Graph shows the past 12 water months with the red lines being average and blue being actual.

Record summer drought means record dry year, right? – Wrong

InPower BC successfully dealt with record wet to record dry within a 12-month period

We all remember the record dry summer we had with no snow melt, Vancouver Island rivers so low they were closed to angling in order to protect fish stocks, Island communities so dry they instigated high level water restrictions, and water in the Upper Campbell Reservoir so low it dipped to below the lip of the Strathcona Dam intake.

All of it symptomatic of a bona fide drought. Right?

Well, maybe not. In the end, BC Hydro’s water supply year – running from October to September – for the Campbell River system finished off at 116 per cent of average, i.e., slightly more than average.

How could that be? Because the record dry summer made us forget about the wet winter.

You can thank the storms from October 2014 to March 2015, according to BC Hydro’s John Hart Generating Station Replacement Project October newsletter for the better than averge water year. That’s when most of the water in the system came in the form of rainstorms.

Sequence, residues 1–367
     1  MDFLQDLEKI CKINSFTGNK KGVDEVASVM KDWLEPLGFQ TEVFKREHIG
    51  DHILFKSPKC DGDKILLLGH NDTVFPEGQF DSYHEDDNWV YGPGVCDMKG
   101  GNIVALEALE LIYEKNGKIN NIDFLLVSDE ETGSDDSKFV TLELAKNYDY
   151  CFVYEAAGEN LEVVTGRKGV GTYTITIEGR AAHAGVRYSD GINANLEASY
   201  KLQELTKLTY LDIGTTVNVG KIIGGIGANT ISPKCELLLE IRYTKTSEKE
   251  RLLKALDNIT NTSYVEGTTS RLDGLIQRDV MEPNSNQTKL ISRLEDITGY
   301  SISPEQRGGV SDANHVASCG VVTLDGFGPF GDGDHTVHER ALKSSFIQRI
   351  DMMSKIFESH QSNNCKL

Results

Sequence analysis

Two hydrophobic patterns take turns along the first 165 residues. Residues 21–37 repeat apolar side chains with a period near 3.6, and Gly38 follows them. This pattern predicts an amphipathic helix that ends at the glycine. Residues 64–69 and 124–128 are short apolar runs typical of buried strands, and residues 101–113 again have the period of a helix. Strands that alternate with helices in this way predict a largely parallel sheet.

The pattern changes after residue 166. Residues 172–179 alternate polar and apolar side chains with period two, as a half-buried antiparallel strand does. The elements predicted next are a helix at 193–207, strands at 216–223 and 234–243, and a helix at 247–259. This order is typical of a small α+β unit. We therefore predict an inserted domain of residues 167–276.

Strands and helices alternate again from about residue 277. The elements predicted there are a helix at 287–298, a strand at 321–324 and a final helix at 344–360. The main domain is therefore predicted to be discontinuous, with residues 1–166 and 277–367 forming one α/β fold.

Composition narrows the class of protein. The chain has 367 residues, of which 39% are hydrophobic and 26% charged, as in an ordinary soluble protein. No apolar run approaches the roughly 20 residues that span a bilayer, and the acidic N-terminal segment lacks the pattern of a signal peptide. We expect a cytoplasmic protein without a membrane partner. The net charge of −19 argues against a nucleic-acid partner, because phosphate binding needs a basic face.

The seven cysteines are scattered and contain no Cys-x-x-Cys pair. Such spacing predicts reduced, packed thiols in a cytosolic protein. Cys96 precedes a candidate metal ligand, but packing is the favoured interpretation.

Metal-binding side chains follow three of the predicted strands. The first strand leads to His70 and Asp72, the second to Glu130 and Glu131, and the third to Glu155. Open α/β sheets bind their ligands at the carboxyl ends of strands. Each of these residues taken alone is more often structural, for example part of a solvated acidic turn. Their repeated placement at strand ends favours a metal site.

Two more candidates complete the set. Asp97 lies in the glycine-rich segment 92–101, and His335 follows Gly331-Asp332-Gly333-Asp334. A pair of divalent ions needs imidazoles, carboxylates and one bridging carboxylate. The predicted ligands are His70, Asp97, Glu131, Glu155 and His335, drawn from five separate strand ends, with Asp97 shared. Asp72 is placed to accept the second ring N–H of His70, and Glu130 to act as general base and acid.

“The past 12 months were a tale of two extremes that, combined, resulted in nearly average water year,” the newsletter reports.

The graph above shows the past 12 water months with the red lines being average and blue being actual.

BC Hydro expects to have to deal with various weather conditions at the John Hart site such as site water treatment and run-off from storms, to dust control.

In BC Hydro’s 2014/2015 water supply year, InPower BC successfully dealt with record wet to record dry within a 12-month period. BC Hydro’s records go back about 50 years.